Swan Lake
Rating
1/2

Date:

 

Swan Lake

Ballet Pécs

Ballet in 2 Acts
Special choreography for the Ballet Pécs by the internationally famous Yvette Bozsik
A revised version of the great classic for those over 14

Music composed by Pyotr Ilyich Tchaikovsky
Sets by Zsolt Khell
Costumes by Sosa Juristovszky
Rehearsal leader: Márton Szabó
Assistant to the choreographer: Anna Gulyás

Choreography by Yvette Bozsik Kossuth-award winning Artist of Merit

Danced by
Prince: Márton Szabó / Szilárd Tuboly
Swan: Katalin Ujvári / Brigitta Vincze
The Prince’s Mother: Dóra Uhrik Kossuth-award and Liszt-award winning Artist of Merit
Sorcerer: Pál Lovas Liszt-award winning, Artist of Merit and Excellence
The Prince’s friend: Zsolt Molnár
Clown: Soma Lőrinc Kerekes
Spanish Woman: Írisz Nagy Haragozó-award winner
Signets: Soma Lőrinc Kerekes, Patrik Keresztes, Dávid Matola, Bánk Téglás
Friends, guests, swans: Adél Bálint, Virág Zoé Hoffman, Mónika Kócsy, Florence Madonia, Írisz Nagy, Theodóra Szécsi, Zsófia Tandi, Klaudia Tóth,
Máté Harka, Péter Koncz, Zsolt Molnár

There are a number of meeting points between Yvette Bozsik and the Ballet Pécs. The almost revolutionary appearance on the dance scene, the need for continuous innovation, the entirely individual, unique movement language, a human-centred way of thinking and a respect for tradition are the cardinal points where chorographer and the company can find each other.
The search for new paths, the expressive dance theatre idiom and the narrative reaching across the “aesthetic” of dance have always been dominant in Yvette Bozsik’s career as a choreographer.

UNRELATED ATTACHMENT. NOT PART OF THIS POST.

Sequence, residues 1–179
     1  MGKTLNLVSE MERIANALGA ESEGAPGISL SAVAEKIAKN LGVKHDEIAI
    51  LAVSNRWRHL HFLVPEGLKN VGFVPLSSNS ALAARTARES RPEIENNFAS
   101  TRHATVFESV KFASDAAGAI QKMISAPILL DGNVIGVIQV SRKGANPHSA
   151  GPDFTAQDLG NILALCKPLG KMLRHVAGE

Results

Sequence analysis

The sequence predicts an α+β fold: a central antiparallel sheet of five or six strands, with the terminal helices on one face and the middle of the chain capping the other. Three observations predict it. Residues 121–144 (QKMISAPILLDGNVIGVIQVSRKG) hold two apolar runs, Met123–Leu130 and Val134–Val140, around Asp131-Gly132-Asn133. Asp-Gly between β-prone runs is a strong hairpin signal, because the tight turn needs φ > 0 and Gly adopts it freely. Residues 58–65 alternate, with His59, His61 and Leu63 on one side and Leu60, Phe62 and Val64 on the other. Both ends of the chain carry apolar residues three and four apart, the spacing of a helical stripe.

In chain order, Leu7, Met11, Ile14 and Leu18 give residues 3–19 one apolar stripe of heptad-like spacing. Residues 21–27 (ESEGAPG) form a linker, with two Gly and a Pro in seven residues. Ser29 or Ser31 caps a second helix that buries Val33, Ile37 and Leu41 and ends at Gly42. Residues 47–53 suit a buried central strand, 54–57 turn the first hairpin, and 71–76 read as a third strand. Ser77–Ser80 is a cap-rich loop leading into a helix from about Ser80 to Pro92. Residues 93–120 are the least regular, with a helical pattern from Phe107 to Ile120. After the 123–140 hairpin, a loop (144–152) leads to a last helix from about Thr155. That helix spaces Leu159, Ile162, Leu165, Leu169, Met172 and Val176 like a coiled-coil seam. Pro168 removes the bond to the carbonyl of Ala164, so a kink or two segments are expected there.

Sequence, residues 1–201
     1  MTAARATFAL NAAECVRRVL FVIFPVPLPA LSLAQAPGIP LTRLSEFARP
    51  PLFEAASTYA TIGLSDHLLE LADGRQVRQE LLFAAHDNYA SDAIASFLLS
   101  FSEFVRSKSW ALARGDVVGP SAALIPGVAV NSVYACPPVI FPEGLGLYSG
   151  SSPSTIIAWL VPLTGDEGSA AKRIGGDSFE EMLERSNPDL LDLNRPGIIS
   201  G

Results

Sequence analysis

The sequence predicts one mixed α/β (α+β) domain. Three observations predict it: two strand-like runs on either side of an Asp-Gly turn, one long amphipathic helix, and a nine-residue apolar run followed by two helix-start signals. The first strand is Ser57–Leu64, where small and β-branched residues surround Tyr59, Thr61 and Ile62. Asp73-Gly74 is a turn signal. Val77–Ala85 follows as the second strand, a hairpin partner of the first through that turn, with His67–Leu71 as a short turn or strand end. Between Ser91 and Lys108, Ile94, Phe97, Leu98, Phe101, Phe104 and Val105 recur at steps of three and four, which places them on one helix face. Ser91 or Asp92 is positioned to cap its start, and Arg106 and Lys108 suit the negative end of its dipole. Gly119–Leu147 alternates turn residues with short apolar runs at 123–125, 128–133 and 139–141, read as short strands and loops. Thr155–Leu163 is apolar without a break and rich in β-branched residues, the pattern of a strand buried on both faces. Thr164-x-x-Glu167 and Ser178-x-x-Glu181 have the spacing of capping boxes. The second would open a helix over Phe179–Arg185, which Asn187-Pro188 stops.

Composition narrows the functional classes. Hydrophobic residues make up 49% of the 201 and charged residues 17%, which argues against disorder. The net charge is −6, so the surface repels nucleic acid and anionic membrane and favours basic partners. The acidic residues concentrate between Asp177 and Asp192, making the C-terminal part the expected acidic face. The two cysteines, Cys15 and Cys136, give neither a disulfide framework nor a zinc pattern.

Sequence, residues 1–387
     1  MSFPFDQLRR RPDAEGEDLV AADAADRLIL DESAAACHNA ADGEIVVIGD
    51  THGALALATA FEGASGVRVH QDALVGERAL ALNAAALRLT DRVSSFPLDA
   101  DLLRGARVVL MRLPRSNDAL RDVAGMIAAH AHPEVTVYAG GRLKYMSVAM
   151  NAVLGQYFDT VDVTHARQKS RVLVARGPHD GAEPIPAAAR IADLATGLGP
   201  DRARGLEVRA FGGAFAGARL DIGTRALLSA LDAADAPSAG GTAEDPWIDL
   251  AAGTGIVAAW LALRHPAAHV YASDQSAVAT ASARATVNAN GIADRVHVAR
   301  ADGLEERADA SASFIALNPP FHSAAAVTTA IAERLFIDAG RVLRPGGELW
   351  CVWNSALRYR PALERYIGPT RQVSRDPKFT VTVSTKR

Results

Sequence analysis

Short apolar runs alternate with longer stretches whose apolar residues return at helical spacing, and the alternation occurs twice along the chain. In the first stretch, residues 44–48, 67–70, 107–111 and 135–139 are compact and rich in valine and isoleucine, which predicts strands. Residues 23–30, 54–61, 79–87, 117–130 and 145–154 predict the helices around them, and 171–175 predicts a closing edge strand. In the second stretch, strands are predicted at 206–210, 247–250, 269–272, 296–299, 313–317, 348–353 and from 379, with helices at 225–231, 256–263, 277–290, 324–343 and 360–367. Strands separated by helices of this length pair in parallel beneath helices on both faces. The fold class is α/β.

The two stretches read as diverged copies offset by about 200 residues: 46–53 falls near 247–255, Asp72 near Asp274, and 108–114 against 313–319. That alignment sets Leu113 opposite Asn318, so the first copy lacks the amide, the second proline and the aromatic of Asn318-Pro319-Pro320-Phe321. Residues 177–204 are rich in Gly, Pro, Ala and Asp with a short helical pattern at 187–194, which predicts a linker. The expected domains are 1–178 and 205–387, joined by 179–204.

In the revised version of Swan Lake basic human emotions appear combined with the self-destructive way of life of 21st Century man, combined with the desire for freedom and purity with the help of Yvette Bozsik’s unique vision and expressive dance language.

“Swans appear innumerable times in culture, in the myths, legends, folk tales and literature of different peoples, with a rich system of symbolism around them, most often symbolising freedom, love and loyalty. This current revised version of the great classical piece addresses our age and today’s man. Besides introducing the story based on an old Russian folk tale, an ecological drama also appears in this adaptation, in which the destruction of the environment is a central theme. Swans can see the destruction of civilisation and the environment by rising above humans. But at the same time they are accursed shape-changing women who have to live as swans during the day and women during the night. This piece does not take sides in the struggle between good and evil, since these qualities are grappling with each other within the characters themselves. The desire for freedom and purity, and its hopelessness and inaccessibility appear at the same time.”

Yvette Bozsik

Az előadást, a 2016-os Budapest Táncfesztivál részeként támogatják:

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